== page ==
"Most songs were put into effect in a really simplified way. When we got started, these recording sessions were without any problems. Since the band's early recordings it hasn't been so uncomplicated. In those early days we used to get inspired by whatever reason and put everything on record without thinking further whether the idea seemed good after two days or two years.

"This time there were other problems than those concerning the recordings. When we started the recordings, there was a solar eclipse. I burned my eyes looking at it and I had to go to an eye hospital in London with 5000 other people. When we started the recordings during the first two months I saw the eclipse as a negative picture in front of my eyes everywhere I looked". When I say that I've thought musicians suffer more often from problems with hearing than seeing, Andy cannot help laughing.

"This (right ear) is quite faulty and the other one a bit. The first symptoms became already when we were touring which is about 20 years ago and they haven't really healed ever. I don't hear some frequencies at all and in my other ear there is an constant tinnitus aurium. I think it is not very bad, but rather nasty anyway. Wait a second... (Andy walks to the piano and strikes some keys alternately). There is a constant A ringing in my other ear."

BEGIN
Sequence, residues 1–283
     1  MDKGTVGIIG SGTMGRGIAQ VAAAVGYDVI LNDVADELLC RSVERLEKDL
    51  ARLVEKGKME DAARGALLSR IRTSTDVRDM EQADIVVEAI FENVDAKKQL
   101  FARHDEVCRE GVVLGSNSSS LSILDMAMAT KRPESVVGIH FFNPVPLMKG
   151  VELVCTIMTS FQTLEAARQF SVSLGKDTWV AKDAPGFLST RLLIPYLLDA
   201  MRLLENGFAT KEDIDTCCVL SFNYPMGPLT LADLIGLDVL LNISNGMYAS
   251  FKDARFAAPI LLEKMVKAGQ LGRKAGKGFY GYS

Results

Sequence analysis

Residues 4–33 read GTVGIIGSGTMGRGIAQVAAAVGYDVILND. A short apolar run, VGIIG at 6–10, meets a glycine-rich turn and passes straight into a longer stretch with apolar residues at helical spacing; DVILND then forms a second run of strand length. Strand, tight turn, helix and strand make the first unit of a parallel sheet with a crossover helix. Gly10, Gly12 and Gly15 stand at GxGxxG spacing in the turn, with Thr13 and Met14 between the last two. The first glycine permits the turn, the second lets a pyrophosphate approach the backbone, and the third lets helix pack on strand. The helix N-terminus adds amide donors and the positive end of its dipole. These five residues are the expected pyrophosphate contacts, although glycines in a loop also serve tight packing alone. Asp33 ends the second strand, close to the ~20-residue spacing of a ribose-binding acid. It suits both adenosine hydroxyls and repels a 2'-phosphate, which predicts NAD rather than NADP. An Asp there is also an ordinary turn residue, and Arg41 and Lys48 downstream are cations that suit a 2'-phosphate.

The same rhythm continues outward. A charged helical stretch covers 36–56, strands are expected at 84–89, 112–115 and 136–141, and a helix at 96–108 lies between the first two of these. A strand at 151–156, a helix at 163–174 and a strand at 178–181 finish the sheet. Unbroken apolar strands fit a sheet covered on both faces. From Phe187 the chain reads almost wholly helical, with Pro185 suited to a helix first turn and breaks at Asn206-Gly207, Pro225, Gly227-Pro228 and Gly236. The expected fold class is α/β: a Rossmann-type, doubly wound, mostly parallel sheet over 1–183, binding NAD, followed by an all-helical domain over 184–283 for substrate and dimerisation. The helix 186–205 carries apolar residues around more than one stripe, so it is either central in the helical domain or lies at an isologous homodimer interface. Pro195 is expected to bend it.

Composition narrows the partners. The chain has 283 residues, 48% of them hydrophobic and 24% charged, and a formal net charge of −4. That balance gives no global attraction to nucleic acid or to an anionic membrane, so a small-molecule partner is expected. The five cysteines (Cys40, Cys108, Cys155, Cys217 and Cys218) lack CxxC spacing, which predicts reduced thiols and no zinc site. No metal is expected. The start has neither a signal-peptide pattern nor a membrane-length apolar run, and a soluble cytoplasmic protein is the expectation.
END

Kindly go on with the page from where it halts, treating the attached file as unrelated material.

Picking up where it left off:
XTC's first album White Music was released in February 1978 and in the beginning the band seemed to release a new record whenever between the tours there was enough time to record it. After mid-1980's the pace started to slow down, although the band concentrated entirely on making records. Excluding Fossil Fuel the previous record prior to Apple Venus and Wasp Star was Nonsuch in 1992. Before that the time between XTC albums had become about three years. Although Andy Partridge and Colin Moulding have just released two records in a year, Partridge doesn't promise new records immediately.

"Believe it or not, but I haven't written new songs since 1997. I haven't had time for the work of thinking that writing new songs requires. For two years I haven't done anything else than recorded two albums and spoken about music with journalists. Of course I have some ideas but actually there is nothing going on.